Udine Far East Film Festival describes in three words their retrospective film selection of the studio Shintoho, giving audiences expectations of sex, violence and horror.
The 12th installment of the Udine far East Film Festival sees a retrospective set of films from the Japanese film studio Shintoho, specifically from the late 1950’s with Shimura Toshio’s “Revenge of the Pearl Queen” (1956) to the early 1960’s with “The Horizon Glitters” (1961) by Doi Michiyoshi.
Shintoho started in 1947 by employees of the Tokyo based Toho Company, during a strike at the company; its name means “New Toho”. The studio became known as one of the major studios of the second golden age of Japanese cinema, and it produced over 500 pieces of cinema within its 14 years. The company has a variety of low budget cinematic texts from musicals to the youth film, but it became known for its exploitation nature with its films being categorized as ero-guro (erotic grotesque). The company became bankrupt in 1961 with its last film being “Jigoku” (1960) by Nobouo Nakagawa; the festival is showing two films by the director made in the same year as “Jigoku”, “Death Row Woman” (1960) and “Ghost of Yotsuya” (1959). The majority of the Shintoho films at Udine are from the year 1960, the cuff of a new era that will see the exploitation film rise and become its own genre which became known as Pinku Eiga/Pink cinema.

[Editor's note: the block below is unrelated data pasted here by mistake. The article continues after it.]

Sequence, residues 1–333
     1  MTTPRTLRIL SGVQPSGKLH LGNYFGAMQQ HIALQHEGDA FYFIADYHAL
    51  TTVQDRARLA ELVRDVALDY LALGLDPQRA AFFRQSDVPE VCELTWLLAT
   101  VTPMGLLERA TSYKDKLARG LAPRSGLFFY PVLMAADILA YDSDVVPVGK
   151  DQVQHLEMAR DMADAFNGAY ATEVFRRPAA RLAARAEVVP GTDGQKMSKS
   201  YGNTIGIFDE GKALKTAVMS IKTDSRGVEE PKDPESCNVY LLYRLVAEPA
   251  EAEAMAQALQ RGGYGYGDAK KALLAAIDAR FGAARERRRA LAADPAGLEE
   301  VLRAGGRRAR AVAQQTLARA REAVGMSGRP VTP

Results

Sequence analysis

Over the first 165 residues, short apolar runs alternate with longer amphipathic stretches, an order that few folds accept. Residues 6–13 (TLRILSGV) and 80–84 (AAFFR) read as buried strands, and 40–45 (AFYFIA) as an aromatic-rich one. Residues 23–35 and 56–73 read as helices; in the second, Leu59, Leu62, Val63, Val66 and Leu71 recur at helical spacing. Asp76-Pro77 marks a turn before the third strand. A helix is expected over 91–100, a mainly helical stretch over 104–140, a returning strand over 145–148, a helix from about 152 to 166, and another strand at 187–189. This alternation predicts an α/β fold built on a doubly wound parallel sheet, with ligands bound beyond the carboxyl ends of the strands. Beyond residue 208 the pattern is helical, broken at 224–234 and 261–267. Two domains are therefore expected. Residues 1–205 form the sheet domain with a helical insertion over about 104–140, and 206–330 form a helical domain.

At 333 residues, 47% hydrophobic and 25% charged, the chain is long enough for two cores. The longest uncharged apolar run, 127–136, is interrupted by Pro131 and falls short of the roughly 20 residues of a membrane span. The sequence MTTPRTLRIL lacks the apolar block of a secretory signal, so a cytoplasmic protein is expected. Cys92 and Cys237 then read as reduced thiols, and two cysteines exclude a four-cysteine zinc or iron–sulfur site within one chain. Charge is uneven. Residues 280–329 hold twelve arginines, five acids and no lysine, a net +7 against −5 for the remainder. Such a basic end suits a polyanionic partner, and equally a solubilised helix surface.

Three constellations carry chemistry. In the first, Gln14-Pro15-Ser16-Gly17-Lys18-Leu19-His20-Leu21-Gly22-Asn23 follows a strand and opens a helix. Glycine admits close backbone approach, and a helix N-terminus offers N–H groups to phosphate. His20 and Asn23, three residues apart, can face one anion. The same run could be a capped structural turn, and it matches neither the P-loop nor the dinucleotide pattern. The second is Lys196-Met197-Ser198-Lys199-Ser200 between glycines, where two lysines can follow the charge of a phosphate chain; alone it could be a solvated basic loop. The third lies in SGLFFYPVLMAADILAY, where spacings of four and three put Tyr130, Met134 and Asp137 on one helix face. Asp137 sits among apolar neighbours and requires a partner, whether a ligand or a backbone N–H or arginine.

A director who made their directing debut at Shintoho and became one of the studio’s most influential directors, (which is reflected in Udine’s choice to show 5 out of the 15 Shintoho selection) is the work of Ishii Teruo. Teruo described as the king of cult by critics influenced the future of the crime genre. Teruo’s work of the Line film series brings film noir and ero guro together, which is described as “uniquely Ishii”. The festival will show the second film “Black Line” (1960) and the third “Yellow Line” (1960) of the crime thriller film series. Teruo also remade the aforementioned “Jigoku” (1999), which he developed to reflect the socio-cultural problems within Japan at the time. After Shintoho’s closure in 1961, Teruo freelanced at Toei until 1979. During his time at Toei, the king of ero guro shaped Toei’s own take on the pink film known as pinky violence, a genre which became known for its powerful female characters. Teruo’s work in the genre of pinky violence is renowned and he is a seminal director within the subgenre.
The festival’s retrospective looks at Shintoho, seems to be mostly of its horror collection with a hint of yakuza crime films, it could be said that a mixture of the studios work on youth delegant films and its musicals would have resulted in a more rounded representative of one of the most influential production studios in Japan.
by Michelle Bailey